Honzejk said the true reason for MPS to oppose gay marriage boils down to straightforward homophobia: “A deeprooted prejudice that gay people are somehow inferior and that they should not have the same rights as others.” He added: “It would be good to overcome this hidden phobia, as has already been done in the 26 countries that allow gay and lesbian marriages. It will not hurt anyone, and will help many. There’s no better reason for approving a law, is there?”
New Caledonia’s new start?
PARIS: The French press last week turned its gaze towards New Caledonia, a collection of islands in the South Pacific governed by France that the UN committee on decolonisation has classified as one of the last non-self governing territories. Over the weekend, the territory held a vote on whether to become independent.
While the majority opted to stay under French rule, a high turnout helped bolster the pro-independence campaign more than most polls had predicted. And after decades of tensions and economic inequality between the Caldoches, who are mostly French settlers, and the Kanaks, the islands’ indigenous minority, journalists saw the vote as a potential turning point in the territory’s history.
“While the vote marks a victory for democratic mobilisation and gives France a legitimate claim on New Caledonia, it also opens a new phase in a dialogue to respond to the aspirations strongly expressed in favour of Kanak identity,” observed Patrick Roger in Le Monde.
Nevertheless, it also shows the stark division between the territory’s two major ethnic groups. The richest – and whitest – areas voted overwhelming to stay under French rule, Roger noted. And while the vote helped young Kanaks to express their strong sense of cultural identity, a surge in support for independence doesn’t indicate that they won over many ethnically European Caldoches, he said.
Ukraine told: It could be worse
MOSCOW: Ongoing tensions between Moscow and Kiev recently came to a head after Russian prime minister Dmitry Medvedev approved special economic sanctions against prominent Ukrainian citizens and companies.
Individuals targeted on the blacklist include politicians, judges, business people, and in some cases, their family members. Parts of these restrictive measures will block non-cash funds and ban the withdrawal of capital from Russia to Ukraine.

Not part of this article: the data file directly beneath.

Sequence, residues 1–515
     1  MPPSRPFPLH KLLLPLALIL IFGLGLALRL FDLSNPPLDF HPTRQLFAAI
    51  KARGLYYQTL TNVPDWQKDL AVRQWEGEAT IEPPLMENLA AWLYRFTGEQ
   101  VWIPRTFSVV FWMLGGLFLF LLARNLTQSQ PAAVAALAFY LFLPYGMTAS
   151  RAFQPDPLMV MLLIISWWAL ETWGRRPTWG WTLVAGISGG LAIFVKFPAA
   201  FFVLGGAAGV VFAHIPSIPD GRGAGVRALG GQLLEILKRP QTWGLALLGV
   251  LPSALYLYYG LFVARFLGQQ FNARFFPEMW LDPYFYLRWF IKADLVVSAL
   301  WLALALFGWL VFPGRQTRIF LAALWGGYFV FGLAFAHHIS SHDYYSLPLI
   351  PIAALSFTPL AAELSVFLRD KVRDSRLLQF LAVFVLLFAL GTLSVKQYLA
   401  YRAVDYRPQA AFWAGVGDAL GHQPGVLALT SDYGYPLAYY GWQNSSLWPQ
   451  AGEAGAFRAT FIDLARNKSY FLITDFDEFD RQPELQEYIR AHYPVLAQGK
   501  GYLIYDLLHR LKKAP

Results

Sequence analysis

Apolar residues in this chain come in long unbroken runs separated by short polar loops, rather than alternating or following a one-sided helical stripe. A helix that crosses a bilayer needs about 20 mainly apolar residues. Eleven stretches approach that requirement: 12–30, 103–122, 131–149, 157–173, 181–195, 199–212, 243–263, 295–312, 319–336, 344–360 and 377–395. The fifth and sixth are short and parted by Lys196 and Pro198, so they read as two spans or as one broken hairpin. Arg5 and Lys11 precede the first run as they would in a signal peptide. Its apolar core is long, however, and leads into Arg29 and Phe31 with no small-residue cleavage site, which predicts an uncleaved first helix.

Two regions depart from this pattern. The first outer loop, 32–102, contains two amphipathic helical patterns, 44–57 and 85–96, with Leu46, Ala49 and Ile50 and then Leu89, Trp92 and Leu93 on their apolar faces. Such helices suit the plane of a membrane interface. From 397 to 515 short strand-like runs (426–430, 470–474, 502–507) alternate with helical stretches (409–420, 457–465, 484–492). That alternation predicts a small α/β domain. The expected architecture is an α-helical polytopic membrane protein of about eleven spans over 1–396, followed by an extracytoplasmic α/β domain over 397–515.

In Izvestia, Russia’s most famous pro-kremlin broadsheet newspaper, Vladimir Evseev supported the Russian government in its “adequate response” to Ukraine. “After the illegitimate change of power in 2014, Ukraine has introduced all kinds of sanctions against Russia in order to please the West.” He added: “Kiev has continued this sort of provocative behaviour well into 2018.”
Nonetheless, for Evseev, these new economic sanctions against Ukraine’s elite didn’t stretch far enough. “Russian leadership didn’t even consider the introduction of visa restrictions for Ukrainian citizens,” he remarked.
Despite his support of such sanctions, Evseev ironically commented that in today’s commercial climate no one benefits from these sorts of economic battles. He cited the current Us-china trade war as a pertinent example that financial sanctions bring losses to both parties.
While Evseev explicitly reminded readers that Ukraine’s bilateral trade with Russia grew faster than it did with the EU from January to May 2018, he accused Ukrainian president Petro Poroshenko of “deliberately aggravating relations with Russia” so that he can rally support ahead of the upcoming 2019 presidential election and therefore “retain his position”.
Compiled by Simon Pickstone, English editor, Voxeurop, a website covering European news and comment which publishes in 10 different languages. Find out more at www.voxeurop. eu/en